Loading…
Dove’s dung
Dove's Dung • Dove’s Dropping
Dictionaries
Baker Encyclopedia of the Bible
Dove’s Dung
Dove’s Dung. Source of food eaten when Samaria was besieged by Ben-hadad, king of Syria (2 Kgs 6:25). Taken literally as pigeon excrement, the reference indicates how desperate conditions were in the famished city.Some scholars suggest that dove’s dung refers to the small, edible bulb of the star-of-Bethlehem
Tyndale Bible Dictionary
Dove’s Dung
DOVE’S DUNG Source of food eaten when Samaria was besieged by Ben-hadad, king of Syria (2 Kgs 6:25). Taken literally as pigeon excrement, the reference would indicate how desperate conditions were in the famished city.Some scholars suggest that dove’s dung refers to the small, edible bulb of the star
The Wycliffe Bible Encyclopedia
Dove's Dung
DOVE’S DUNG. “The fourth part of a cab” (1/4 cab equals c. 1/2 pint) of this substance was sold at an exorbitant price in Samaria during the siege (2 Kings 6:25). The Heb. words ḥărê yônı̂m are plain as translated, an example of the actual extremity of the siege. Josephus records that in their dire
Smith’s Bible Dictionary
Dove’s dung
Dove’s dung. Various explanations have been given of the passage in 2 Kings 6:25. Bochart has labored to show that it denotes a species of cicer, “chick-pea,” which he says the Arabs call usnân, and sometimes improperly “dove’s” or “sparrow’s dung.” Great quantities of these are sold in Cairo to the
Easton’s Bible Dictionary
Dove's dung
Dove’s dung(2 Kings 6:25) has been generally understood literally. There are instances in history of the dung of pigeons being actually used as food during a famine. Compare also the language of Rabshakeh to the Jews (2 Kings 18:27; Isa. 36:12). This name, however, is applied by the Arabs to different
Dictionary of Phrase and Fable
Doves’ Dung
Doves’ Dung. In 2 Kings 6:25, during the siege of Samaria, “there was a great famine … and … an ass’s head was sold for fourscore pieces of silver, and the fourth part of a cab of dove’s dung [hariyonim] for five pieces of silver.” This “hariyonim” was a plant called chickpea, a common article of food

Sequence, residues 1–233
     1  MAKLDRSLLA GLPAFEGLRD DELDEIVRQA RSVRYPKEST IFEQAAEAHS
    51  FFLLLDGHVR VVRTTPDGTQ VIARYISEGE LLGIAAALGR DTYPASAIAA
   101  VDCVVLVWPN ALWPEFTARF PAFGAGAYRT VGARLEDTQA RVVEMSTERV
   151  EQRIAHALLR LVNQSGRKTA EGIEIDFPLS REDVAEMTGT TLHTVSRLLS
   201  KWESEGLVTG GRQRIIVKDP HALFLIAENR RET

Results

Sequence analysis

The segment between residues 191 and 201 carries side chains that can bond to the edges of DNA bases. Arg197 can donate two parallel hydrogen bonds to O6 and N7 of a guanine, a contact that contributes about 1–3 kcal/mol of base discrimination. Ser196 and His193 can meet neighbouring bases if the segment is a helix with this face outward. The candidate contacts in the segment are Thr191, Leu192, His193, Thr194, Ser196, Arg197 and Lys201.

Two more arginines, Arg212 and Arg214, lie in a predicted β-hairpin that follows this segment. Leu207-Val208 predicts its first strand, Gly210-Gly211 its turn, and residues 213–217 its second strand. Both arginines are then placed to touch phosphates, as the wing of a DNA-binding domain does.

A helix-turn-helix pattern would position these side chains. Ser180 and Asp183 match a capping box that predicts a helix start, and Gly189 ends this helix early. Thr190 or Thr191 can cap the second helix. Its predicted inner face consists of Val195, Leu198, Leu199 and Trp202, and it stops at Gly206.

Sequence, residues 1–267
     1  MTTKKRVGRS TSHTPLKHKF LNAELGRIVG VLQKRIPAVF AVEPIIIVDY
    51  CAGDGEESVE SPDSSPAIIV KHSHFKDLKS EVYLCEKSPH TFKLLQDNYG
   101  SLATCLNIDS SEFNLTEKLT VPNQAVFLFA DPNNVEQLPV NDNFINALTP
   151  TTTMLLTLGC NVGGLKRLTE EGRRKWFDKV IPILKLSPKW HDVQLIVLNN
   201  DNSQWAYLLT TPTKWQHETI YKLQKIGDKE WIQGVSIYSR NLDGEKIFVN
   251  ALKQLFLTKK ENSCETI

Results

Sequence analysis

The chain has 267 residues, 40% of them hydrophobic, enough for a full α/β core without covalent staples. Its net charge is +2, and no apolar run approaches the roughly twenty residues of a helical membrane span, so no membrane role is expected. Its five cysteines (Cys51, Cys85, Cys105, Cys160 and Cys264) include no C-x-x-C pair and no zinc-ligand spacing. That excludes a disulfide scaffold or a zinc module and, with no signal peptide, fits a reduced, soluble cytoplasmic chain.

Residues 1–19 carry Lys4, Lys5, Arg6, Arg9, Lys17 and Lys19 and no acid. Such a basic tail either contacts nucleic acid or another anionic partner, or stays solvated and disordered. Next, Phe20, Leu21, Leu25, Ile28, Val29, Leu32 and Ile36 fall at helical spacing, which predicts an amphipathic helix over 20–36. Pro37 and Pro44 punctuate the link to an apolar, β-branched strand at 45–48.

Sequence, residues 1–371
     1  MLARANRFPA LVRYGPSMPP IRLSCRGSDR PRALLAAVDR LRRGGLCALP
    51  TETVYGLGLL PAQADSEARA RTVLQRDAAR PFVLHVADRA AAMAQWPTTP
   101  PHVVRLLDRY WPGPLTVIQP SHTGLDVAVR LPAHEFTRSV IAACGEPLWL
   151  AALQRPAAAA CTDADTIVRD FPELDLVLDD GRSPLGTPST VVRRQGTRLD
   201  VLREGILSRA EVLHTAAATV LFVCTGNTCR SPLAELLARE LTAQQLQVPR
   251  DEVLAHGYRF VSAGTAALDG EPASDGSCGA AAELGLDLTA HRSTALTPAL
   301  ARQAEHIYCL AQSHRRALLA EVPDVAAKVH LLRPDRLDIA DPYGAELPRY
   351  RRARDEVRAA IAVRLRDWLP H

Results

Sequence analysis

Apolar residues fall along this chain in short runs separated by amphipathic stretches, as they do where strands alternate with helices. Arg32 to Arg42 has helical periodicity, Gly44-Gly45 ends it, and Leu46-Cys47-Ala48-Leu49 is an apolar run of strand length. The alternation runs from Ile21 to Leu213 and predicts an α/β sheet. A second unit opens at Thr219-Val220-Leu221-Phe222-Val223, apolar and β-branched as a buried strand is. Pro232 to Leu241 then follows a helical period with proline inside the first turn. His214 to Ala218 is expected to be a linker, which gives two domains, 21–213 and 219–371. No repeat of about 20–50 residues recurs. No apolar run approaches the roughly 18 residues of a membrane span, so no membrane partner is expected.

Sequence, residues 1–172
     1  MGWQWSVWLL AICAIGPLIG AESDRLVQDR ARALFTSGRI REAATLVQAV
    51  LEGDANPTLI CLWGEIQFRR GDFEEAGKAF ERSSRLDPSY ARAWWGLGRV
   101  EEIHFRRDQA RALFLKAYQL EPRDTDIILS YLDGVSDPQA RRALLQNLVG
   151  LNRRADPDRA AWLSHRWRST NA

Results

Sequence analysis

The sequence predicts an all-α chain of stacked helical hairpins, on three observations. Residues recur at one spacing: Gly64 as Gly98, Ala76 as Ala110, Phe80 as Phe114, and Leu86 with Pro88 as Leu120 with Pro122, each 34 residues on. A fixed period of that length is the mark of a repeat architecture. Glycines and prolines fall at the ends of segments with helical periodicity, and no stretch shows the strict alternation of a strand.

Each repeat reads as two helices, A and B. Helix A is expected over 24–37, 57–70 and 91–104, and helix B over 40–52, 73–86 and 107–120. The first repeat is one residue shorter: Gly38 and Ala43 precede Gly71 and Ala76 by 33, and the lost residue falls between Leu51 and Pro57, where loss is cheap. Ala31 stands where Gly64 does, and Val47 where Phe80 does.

The Westminster Bible Dictionary
Doves Dung
Doveʹs Dung. In a description of a great famine in Samaria (2 Kings 6:25) it is said that “an ass’s head was sold for fourscore pieces of silver, and the fourth part of a cab of dove’s dung for five pieces of silver.” This is intended to denote the extremity of the famine, during which the highest prices
Holman Illustrated Bible Dictionary
Dove's Dung
DOVE’S DUNG An item sold as food for an incredible price (2 Kings 6:25) during the siege of Samaria. Some interpret dove’s dung as bird droppings since 2 Kings 18:27 indicates that in time of siege persons could be reduced to eating their own excrement and drinking their own urine. Others have suggested
The Zondervan Encyclopedia of the Bible, Volume 2, D–G
Dove's Dung
dove’s dung. This phrase is used by the KJV and other versions to render Hebrew ḥărê yônîm (= ḥărāʾîm H2989 plus yônâ H3433), which is the Ketib reading in 2 Ki. 6:25, “As the siege continued, famine in Samaria became so great that a donkey’s head was sold for eighty shekels of silver, and
The New Interpreter’s Dictionary of the Bible, Volumes 1–5
DOVE’S DUNG
DOVE’S DUNG [חִרְייוֹנִיםdivyonim; κόπρος περιστερά kopros peristera]. During a siege-induced famine, “one-fourth of a kab of dove’s dung” sold for five shekels (2 Kgs 6:25). The exact meaning and amount here remain uncertain. “Dove’s DUNG” was possibly used for fire fuel, as a salt substitute, or
2. Dove’s Dung
2. Dove’s dungDove’s dung (mentioned in 2 Kgs 6:25) is the name of a white-flowered wild plant Ornithogalum narbonense (subspecies brachystachys), which makes the ground appear like bird droppings, hence its name. Its bulbs are edible (see DOVE’S DUNG).
Key passages
2 Ki 6:25

There was a great famine in Samaria, and behold, a siege was against it, until the head of a donkey went for eighty shekels of silver, and one fourth of the measure of the dung of doves went for five shekels of silver.

See also
Topics & Themes